ICMJE member journals will not publish studies which are not registered in advance with one of five accepted registries. Despite these measures, citation bias has not been completely eliminated. While centralized documentation provides medical researchers with information about unpublished trials, investigators may be left to only speculate as to the results of these studies.
Confounding occurs when an observed association is due to three factors: Examples of confounders include observed associations between coffee drinking and heart attack confounded by smoking and the association between income and health status confounded by access to care. Pre-trial study design is the preferred method to control for confounding.
Prior to the study, matching patients for demographics such as age or gender and risk factors such as body mass index or smoking can create similar cohorts among identified confounders.
However, the effect of unmeasured or unknown confounders may only be controlled by true randomization in a study with a large sample size. After a study's conclusion, identified confounders can be controlled by analyzing for an association between exposure and outcome only in cohorts similar for the identified confounding factor.
For example, in a study comparing outcomes for various breast reconstruction options, the results might be confounded by the timing of the reconstruction i.
In other words, procedure type and timing may have both have significant and independent effects on breast reconstruction outcomes.
One approach to this confounding would be to compare outcomes by procedure type separately for immediate and delayed reconstruction patients. Stratified analyses are limited if multiple confounders are present or if sample size is small. Multi-variable regression analysis can also be used to control for identified confounders during data analysis.
The role of unidentified confounders cannot be controlled using statistical analysis. Internal validity refers to the reliability or accuracy of the study results. A study's internal validity reflects the author's and reviewer's confidence that study design, implementation, and data analysis have minimized or eliminated bias and that the findings are representative of the true association between exposure and outcome. When evaluating studies, careful review of study methodology for sources of bias discussed above enables the reader to evaluate internal validity.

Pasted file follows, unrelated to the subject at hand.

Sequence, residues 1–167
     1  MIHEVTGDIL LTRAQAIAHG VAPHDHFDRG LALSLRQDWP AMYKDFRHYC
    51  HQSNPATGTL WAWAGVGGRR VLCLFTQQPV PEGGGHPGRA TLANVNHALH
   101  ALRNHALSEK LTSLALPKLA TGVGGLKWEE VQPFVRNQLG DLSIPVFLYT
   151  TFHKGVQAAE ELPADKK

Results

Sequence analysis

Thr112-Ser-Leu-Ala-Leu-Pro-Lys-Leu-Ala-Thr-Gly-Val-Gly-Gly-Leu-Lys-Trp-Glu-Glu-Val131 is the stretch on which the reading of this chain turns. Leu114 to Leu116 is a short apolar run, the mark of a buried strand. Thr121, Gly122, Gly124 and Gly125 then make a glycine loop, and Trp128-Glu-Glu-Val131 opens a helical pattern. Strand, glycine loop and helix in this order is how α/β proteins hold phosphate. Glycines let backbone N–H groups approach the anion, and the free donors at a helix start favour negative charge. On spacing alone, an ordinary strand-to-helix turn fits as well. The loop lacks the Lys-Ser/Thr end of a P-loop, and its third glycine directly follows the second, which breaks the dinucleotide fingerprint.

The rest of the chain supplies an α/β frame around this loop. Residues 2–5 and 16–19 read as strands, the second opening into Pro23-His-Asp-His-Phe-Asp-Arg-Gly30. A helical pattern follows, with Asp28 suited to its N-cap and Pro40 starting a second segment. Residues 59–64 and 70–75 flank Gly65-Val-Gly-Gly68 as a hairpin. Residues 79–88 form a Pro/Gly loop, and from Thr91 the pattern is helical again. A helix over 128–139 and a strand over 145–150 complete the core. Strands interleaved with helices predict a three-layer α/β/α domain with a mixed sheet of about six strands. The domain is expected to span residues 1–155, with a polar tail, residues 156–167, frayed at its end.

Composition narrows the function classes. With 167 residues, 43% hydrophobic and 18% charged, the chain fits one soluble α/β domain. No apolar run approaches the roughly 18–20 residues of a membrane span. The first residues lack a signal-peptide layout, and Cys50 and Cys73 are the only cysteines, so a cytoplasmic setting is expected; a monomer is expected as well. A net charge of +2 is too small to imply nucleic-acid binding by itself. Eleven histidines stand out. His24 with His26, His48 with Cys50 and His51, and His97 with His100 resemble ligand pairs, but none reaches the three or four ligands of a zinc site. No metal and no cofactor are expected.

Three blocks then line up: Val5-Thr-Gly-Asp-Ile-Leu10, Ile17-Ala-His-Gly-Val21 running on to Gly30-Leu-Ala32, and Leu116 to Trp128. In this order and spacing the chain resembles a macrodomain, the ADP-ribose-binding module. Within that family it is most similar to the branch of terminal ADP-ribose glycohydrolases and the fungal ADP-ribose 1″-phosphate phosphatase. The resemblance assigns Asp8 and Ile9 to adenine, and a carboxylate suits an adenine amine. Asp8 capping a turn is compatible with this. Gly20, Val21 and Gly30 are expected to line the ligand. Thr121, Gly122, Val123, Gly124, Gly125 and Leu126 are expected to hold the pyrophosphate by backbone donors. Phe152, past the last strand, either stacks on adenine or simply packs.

Studies with high internal validity are often explanatory trials, those designed to test efficacy of a specific intervention under idealized conditions in a highly selected population.
However, high internal validity often comes at the expense of ability to be generalized. For example, although supra-microsurgery techniques, defined as anastamosis of vessels less than 0. External validity of research design deals with the degree to which findings are able to be generalized to other groups or populations. In contrast with explanatory trials, pragmatic trials are designed to assess the benefits of interventions under real clinical conditions.
These studies usually include study populations generated using minimal exclusion criteria, making them very similar to the general population. While pragmatic trials have high external validity, loose inclusion criteria may compromise the study's internal validity.
When reviewing scientific literature, readers should assess whether the research methods preclude generalization of the study's findings to other patient populations. In making this decision, readers must consider differences between the source population population from which the study population originated and the study population those included in the study. Additionally, it is important to distinguish limited ability to be generalized due to a selective patient population from true bias 8.
When designing trials, achieving balance between internal and external validity is difficult. An ideal trial design would randomize patients and blind those collecting and analyzing data high internal validity , while keeping exclusion criteria to a minimum, thus making study and source populations closely related and allowing generalization of results high external validity For those evaluating the literature, objective models exist to quantify both external and internal validity.